“Blumenfeld Studio: New York, 1941-1960”
Now through Sept. 1
Somerset House
East Wing Galleries, East Wing

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The Queen’s Gallery at Buckingham Palace is exploring the sartorial — and accessory — choices of royals of days past in a show that features piles of gold embroidery and embellishment and looks closely at codpieces and pearl earrings — for men and women. “In Fine Style: The Art of Tudor and Stuart Fashion” showcases prints, drawings and portraits of royals, courtiers and wealthy gentry of the 16th and 17th centuries, and puts modern-day airbrushing and physical enhancement into a historical context.
“Fashion was hugely important to court life and entry to the inner circle was largely driven by personal appearance,” said exhibition curator Anna Reynolds of Royal Collection Trust. “The rich and powerful were the trend-setters of the age and used clothing to send out messages about their taste and status.”

“In Fine Style: The Art of Tudor and Stuart Fashion”
Now through Oct. 6
The Queen’s Gallery
Buckingham Palace

NEXT: Dining Out in London >>


Admittedly, committing to an outside table in London, even at the height of “summer,” is a gamble. That said, if you like your odds, a handful of new openings in the capital are worth taking your chances with the frequently inclement weather.

Under a railway line in ever-hip Haggerston/Hoxton, Beagle has a daily changing menu from James Ferguson (ex-Rochelle Canteen) and a spacious outdoor terrace on a pedestrian-only thoroughfare.

At Bird of Smithfield, Alan Bird — who was at The Ivy for more than 15 years — has five floors of fun and food, including a terrace on which to enjoy his passion for British ingredients.

Take a pew under the outside awning at newly opened hotel and restaurant One Leicester Street and share some of chef Tom Harris’ small and larger plates of British fare that change daily.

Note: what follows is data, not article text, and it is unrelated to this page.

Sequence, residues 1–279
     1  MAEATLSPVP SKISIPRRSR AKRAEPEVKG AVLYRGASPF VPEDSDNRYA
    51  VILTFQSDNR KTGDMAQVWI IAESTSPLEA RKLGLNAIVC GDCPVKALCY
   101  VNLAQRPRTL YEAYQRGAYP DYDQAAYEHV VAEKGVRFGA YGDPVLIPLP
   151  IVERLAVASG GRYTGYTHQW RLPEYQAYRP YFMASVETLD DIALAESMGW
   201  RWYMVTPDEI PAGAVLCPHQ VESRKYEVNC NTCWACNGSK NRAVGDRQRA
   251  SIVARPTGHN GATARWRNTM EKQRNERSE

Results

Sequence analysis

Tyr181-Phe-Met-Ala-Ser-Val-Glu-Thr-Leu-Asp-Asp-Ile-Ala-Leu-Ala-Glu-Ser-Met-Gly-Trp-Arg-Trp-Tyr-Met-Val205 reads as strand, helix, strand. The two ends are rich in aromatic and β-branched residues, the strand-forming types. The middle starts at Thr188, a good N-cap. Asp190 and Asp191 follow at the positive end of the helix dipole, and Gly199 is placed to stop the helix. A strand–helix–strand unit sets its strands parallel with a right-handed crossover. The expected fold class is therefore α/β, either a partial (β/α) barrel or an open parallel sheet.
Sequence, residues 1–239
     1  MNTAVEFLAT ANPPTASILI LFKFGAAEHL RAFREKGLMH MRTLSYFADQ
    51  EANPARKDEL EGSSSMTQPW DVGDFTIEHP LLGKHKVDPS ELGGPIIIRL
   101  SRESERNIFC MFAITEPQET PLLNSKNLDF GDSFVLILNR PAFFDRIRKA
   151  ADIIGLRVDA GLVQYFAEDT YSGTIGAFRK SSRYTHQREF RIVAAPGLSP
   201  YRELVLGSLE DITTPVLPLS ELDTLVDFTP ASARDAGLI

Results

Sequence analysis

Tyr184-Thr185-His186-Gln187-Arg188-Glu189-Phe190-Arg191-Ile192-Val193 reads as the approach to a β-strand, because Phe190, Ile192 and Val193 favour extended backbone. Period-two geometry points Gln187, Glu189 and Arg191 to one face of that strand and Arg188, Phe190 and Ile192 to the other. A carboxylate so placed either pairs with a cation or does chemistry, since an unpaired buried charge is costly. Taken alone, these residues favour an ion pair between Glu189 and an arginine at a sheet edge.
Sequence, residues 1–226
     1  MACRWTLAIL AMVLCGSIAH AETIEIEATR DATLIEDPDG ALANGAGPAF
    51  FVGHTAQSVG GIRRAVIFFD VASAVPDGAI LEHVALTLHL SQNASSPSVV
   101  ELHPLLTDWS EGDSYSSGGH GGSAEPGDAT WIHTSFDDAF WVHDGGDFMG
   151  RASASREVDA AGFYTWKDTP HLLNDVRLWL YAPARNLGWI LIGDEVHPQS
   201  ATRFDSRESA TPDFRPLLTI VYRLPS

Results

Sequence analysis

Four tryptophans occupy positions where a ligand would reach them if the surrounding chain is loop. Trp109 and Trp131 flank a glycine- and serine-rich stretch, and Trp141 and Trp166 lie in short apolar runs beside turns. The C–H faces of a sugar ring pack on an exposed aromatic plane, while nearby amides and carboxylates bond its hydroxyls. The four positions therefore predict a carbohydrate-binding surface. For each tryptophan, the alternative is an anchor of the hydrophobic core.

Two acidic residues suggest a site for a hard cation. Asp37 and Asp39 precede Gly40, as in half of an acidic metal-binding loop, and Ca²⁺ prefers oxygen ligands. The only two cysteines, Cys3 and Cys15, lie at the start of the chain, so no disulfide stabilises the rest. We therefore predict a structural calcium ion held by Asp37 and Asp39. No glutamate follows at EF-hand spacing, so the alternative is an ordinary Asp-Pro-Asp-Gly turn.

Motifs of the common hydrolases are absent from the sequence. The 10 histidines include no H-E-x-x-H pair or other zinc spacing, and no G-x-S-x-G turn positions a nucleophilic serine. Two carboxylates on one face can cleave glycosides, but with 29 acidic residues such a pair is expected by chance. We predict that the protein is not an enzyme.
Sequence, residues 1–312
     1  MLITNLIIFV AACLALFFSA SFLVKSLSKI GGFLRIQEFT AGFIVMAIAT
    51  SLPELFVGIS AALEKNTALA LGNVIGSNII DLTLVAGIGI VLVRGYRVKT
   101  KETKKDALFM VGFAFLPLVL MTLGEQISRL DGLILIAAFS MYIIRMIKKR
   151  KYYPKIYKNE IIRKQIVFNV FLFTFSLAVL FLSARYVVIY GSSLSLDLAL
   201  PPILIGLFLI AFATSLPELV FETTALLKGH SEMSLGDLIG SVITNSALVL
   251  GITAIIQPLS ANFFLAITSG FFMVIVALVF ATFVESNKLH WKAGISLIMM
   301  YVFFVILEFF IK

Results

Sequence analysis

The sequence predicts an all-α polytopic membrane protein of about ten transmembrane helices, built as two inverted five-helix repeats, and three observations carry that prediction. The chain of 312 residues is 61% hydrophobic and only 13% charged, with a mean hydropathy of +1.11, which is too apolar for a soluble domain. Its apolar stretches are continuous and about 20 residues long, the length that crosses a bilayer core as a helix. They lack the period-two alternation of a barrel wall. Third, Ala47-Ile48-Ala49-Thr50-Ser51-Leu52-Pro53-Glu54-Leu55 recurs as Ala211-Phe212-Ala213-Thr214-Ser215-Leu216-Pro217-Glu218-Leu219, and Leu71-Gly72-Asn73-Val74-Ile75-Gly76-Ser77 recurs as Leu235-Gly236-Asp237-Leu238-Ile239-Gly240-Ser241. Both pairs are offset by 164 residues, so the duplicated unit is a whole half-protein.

In the regenerating area surrounding the new Central Saint Martins Campus in Kings Cross, Shrimpy’s Deluxe Dinette & Terrace has all-day outside dining during the summer months; wash down a tuna tostada or a soft shell crab burger with a frozen margarita or Pisco sour.

From the folks behind Lardo, the hugely popular pizzeria nearby, Coppa sits atop a rooftop overlooking London Fields and serves food inspired by travels to Naples in wooden cabanas (which are blessedly bookable), or on deck chairs — but it’s only open on weekends.

The Rooftop at Boundary has been weatherproofed, so if (when) it starts to rain, you won’t have to abandon your shared plates of Mediterranean tapas or glass of Pimms.

It’s been open since last year but Sushi Samba’s open-air bar on the 38th floor of the Heron Tower, under the spreading leaves of a magnificent orange tree, is still the best place to look out over London’s skyline with a cocktail in hand. —Julia Neel

Beagle, 397-400 Geffrye Street, E2 8HZ.

Bird of Smithfield, 26 Smithfield Street, EC1A 9LB.

One Leicester Street, 1 Leicester Street, WC2H 7BL.

Shrimpy’s Deluxe Dinette & Terrace, The King’s Cross Filling Station, Goods Way, N1C 4UR.

Coppa, Hothouse Rooftop, Martello Street, E8 3QW.

The Rooftop at The Boundary, 2-4 Boundary Street, Shoreditch, E2 7DD.

Sushi Samba, Heron Tower, 110 Bishopsgate, EC2N 4AY.